New research on prenatal depression
Research published today (13 July) reveals that depression in young pregnant women is higher today than in the 1990s.
Using the Avon Longitudinal Study of Parents and Children (ALSPAC), the results suggest that prenatal depression is on average 51% more common among young mothers in the current generation of the ALSPAC cohort than during their mothers’ generation 25 years ago.
This finding remains after adjusting for factors that differ across generations and in analyses restricted to mother-offspring pairs.
The authors state that given the costs associated with prenatal depression and consequences for the mother, the child, and the wider society, an increase in prevalence is important to service provision and public health regardless of whether the increase is specific to pregnancy.
The findings highlight the need for further research to clarify the reasons behind this intergenerational trend and reduce negative effects.
RCM professional policy advisor Clare Livingstone said: ‘Clearly depression is increasing across the population as a whole and now we are seeing a corresponding rise in prenatal depression.
‘The study alludes to the impact of chronic stress, sleep deprivation, eating habits and financial and employment stresses all contributing to depression in this generation. The RCM is also concerned that women experiencing social isolation from family and friends or living in areas where traditional communities have broken down may be more susceptible or at risk of suffering from prenatal depression.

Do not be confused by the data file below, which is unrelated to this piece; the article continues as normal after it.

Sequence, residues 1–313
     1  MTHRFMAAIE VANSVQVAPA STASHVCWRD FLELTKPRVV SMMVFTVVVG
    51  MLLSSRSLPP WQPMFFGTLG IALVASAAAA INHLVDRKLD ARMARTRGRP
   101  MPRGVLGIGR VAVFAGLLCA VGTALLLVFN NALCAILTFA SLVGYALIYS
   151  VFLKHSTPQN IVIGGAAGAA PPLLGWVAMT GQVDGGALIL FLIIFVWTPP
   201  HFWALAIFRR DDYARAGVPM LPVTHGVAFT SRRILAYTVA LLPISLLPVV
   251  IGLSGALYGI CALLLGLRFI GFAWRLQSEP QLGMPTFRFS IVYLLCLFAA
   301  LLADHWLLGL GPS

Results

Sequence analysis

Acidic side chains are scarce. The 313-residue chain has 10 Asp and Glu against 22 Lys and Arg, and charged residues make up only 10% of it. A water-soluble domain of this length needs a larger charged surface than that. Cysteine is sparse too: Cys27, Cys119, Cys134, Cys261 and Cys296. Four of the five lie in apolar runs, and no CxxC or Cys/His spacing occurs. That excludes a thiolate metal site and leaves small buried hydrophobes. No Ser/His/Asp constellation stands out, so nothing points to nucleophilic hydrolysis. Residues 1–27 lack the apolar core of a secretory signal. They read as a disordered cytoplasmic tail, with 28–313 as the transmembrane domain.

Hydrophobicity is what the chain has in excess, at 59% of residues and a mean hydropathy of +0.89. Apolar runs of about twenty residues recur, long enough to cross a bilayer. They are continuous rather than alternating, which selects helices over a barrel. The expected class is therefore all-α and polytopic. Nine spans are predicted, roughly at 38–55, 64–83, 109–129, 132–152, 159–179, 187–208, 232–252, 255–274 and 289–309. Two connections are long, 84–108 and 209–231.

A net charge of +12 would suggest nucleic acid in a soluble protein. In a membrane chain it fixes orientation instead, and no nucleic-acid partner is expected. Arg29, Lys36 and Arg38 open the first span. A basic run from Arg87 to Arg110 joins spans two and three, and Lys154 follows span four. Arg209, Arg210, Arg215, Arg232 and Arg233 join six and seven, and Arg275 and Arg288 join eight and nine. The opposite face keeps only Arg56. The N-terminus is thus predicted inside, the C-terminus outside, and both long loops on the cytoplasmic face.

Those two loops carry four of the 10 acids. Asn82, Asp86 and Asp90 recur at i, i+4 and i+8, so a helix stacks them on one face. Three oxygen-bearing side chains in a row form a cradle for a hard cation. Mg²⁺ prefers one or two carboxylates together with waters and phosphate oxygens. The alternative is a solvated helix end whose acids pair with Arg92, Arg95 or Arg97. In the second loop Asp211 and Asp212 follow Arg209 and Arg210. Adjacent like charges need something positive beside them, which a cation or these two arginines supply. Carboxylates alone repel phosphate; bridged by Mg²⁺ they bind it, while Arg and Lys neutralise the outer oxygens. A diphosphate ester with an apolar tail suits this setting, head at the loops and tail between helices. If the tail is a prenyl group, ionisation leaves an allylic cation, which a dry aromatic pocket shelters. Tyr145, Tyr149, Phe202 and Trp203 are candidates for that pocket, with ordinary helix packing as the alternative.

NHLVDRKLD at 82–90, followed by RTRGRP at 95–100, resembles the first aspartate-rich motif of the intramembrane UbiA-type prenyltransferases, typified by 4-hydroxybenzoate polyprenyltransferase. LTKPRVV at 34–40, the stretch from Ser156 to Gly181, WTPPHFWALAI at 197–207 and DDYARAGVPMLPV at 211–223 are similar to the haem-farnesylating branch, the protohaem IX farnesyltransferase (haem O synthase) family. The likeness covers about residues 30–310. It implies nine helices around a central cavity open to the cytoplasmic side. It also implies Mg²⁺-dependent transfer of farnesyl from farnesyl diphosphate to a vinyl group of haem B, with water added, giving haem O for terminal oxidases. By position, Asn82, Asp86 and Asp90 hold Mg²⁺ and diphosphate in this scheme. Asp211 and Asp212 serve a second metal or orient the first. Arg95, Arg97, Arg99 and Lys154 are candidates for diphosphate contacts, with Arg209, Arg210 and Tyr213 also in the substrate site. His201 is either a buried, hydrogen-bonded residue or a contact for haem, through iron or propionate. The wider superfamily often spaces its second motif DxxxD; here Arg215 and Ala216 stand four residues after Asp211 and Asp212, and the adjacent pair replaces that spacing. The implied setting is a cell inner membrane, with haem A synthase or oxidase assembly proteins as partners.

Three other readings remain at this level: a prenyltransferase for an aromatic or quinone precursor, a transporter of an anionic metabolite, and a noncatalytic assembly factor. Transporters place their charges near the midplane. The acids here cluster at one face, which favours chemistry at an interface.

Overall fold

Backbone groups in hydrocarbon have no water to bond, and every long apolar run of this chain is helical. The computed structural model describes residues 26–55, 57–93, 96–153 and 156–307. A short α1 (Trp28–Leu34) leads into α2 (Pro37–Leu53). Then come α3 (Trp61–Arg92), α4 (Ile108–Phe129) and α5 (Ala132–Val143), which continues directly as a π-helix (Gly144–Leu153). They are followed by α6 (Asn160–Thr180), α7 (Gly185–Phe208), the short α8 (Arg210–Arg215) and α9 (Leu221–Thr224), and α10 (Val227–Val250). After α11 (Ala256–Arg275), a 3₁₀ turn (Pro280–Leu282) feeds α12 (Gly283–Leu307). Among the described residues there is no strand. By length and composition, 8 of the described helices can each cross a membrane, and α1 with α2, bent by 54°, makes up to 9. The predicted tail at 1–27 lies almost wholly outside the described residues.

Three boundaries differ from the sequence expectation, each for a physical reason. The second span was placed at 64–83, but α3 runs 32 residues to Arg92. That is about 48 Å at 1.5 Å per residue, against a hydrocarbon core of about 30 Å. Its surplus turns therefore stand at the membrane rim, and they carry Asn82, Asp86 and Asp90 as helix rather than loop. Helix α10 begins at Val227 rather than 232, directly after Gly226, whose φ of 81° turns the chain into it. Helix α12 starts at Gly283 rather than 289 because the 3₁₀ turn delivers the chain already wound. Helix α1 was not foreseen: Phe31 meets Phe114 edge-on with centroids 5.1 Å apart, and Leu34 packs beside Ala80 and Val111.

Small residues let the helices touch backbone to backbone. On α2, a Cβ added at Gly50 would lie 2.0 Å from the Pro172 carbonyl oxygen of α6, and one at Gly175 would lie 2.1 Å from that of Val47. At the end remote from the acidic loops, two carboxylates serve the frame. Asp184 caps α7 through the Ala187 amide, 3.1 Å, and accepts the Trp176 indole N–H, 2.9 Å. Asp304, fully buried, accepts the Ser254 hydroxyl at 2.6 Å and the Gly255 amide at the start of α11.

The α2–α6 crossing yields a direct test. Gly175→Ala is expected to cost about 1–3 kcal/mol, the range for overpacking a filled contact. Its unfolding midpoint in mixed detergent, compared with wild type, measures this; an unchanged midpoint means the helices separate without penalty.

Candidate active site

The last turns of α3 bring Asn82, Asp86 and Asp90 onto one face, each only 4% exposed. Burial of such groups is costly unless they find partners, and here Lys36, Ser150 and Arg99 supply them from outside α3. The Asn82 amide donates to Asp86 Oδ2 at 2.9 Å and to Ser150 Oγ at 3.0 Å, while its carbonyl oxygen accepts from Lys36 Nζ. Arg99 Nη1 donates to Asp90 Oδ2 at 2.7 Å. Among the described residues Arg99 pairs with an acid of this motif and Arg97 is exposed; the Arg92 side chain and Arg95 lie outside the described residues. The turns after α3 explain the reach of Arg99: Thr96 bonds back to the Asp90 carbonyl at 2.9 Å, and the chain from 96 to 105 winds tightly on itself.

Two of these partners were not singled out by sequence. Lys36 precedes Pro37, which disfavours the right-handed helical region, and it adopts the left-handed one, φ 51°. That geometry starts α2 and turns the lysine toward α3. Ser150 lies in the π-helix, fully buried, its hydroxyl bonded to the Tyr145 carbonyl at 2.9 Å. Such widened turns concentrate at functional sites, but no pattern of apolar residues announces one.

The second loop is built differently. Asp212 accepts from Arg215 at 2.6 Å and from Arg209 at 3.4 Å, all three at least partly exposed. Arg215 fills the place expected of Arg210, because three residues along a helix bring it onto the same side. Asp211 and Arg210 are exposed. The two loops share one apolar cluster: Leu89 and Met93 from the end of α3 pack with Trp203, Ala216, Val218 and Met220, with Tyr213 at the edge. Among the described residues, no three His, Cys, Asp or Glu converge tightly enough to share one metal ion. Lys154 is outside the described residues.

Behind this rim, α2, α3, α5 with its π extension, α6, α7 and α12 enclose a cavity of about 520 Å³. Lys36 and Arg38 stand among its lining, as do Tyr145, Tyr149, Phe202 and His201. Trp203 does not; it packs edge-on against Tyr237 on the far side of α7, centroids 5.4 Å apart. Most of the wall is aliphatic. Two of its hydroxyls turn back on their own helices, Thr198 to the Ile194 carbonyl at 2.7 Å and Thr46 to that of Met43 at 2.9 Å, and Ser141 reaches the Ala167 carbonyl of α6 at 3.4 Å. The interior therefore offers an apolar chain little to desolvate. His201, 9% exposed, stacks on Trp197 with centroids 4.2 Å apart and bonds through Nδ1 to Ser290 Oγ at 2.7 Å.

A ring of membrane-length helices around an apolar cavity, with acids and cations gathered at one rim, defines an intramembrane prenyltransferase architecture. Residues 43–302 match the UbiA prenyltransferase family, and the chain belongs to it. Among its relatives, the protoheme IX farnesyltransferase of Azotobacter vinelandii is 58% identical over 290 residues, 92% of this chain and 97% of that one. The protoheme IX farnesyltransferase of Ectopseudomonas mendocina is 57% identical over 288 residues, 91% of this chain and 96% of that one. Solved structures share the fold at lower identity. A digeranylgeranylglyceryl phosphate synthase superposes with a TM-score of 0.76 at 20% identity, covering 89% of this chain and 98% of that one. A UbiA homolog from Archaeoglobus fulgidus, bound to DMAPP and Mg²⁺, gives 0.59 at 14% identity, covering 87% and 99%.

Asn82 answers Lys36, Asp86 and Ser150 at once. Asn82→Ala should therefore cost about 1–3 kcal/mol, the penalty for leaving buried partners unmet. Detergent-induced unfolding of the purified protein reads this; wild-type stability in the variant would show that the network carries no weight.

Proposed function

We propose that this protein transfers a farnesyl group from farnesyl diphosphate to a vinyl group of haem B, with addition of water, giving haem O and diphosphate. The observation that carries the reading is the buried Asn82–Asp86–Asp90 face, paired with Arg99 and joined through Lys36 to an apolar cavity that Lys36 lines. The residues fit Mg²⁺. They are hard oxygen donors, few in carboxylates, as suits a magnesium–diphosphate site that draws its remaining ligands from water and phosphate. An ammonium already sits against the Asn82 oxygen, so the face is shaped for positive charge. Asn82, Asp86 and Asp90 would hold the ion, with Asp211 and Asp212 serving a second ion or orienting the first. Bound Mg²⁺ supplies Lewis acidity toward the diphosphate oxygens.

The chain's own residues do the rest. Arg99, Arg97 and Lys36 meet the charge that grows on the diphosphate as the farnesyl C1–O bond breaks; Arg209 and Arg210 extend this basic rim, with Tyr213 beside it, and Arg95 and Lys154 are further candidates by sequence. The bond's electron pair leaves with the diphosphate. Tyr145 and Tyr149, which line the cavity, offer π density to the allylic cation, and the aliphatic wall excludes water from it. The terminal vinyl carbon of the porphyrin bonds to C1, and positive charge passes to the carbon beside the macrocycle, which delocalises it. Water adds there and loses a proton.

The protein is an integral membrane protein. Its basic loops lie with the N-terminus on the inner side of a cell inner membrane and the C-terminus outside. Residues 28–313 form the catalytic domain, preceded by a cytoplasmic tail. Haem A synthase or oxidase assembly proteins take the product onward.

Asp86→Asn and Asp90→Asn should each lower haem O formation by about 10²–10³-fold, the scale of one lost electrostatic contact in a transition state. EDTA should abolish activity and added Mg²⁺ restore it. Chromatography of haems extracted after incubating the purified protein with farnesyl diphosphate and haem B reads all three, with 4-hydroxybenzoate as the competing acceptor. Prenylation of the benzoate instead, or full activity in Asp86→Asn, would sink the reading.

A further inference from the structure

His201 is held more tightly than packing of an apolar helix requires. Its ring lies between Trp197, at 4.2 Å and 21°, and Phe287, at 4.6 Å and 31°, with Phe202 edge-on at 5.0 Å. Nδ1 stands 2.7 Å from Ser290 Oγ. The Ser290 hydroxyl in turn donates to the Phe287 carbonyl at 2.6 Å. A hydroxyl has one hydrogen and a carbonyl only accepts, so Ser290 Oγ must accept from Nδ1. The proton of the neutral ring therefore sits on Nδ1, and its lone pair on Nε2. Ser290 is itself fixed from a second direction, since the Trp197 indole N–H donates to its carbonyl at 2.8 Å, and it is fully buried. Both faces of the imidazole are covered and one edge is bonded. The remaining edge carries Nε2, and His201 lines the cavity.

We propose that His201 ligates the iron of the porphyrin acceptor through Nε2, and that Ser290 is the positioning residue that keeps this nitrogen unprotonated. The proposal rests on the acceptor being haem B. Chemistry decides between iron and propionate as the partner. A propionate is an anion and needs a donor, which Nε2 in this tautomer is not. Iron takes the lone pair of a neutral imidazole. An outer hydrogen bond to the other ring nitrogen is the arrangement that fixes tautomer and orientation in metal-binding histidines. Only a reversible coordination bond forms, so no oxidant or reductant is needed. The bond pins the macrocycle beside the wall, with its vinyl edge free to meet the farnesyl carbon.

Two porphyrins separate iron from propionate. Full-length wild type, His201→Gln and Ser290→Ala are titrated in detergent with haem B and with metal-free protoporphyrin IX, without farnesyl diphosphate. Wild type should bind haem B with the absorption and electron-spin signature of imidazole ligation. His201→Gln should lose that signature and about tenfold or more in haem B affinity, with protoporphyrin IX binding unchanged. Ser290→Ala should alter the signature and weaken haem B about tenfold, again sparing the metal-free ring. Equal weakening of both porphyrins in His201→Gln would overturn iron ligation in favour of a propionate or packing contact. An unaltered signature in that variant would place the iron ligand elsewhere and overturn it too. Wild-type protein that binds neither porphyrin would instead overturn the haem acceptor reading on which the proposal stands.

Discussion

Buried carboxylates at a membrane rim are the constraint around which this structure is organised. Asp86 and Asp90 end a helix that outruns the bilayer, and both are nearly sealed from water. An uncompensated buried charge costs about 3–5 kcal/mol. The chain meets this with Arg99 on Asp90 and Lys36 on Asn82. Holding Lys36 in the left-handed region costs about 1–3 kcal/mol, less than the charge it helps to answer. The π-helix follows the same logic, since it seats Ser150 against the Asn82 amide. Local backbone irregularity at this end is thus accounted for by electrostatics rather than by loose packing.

Claire added that increasingly, women find themselves dependent on support from the very resources that have suffered cuts in recent times and due to government austerity measures vital local support services, such as parent groups, children’s centres and libraries are being inadequately funded or often shut. She says there must be more provision when it comes to antenatal classes and preparation for parenthood for both mothers and fathers.
‘The RCM has said time and time again that there is an urgent need for the government to invest more into funding services for women suffering with pregnancy-related mental health problems. Every trust with maternity services should have a specialist midwife in post to enable women who are unwell to get the very best care and support they need.
‘What is also important is timely access to psychological and therapeutic support services, investment in peer support programmes, and the reversal of cuts to core local services. Early intervention and support can go a long way in helping to prevent mild and moderate mental health issues developing into more serious problems,’ Claire said.
Access the research, published in JAMA, here.